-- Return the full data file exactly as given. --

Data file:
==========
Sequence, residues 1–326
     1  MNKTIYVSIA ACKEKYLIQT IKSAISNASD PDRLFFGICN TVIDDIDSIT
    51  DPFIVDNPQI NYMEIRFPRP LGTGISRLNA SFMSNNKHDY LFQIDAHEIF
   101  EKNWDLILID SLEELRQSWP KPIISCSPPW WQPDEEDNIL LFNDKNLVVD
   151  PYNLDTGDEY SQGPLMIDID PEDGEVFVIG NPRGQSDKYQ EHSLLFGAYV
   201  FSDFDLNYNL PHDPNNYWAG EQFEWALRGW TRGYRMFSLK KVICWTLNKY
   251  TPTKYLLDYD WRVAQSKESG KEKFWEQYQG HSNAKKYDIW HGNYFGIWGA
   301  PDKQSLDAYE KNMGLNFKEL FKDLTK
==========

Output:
Sequence, residues 1–326
     1  MNKTIYVSIA ACKEKYLIQT IKSAISNASD PDRLFFGICN TVIDDIDSIT
    51  DPFIVDNPQI NYMEIRFPRP LGTGISRLNA SFMSNNKHDY LFQIDAHEIF
   101  EKNWDLILID SLEELRQSWP KPIISCSPPW WQPDEEDNIL LFNDKNLVVD
   151  PYNLDTGDEY SQGPLMIDID PEDGEVFVIG NPRGQSDKYQ EHSLLFGAYV
   201  FSDFDLNYNL PHDPNNYWAG EQFEWALRGW TRGYRMFSLK KVICWTLNKY
   251  TPTKYLLDYD WRVAQSKESG KEKFWEQYQG HSNAKKYDIW HGNYFGIWGA
   301  PDKQSLDAYE KNMGLNFKEL FKDLTK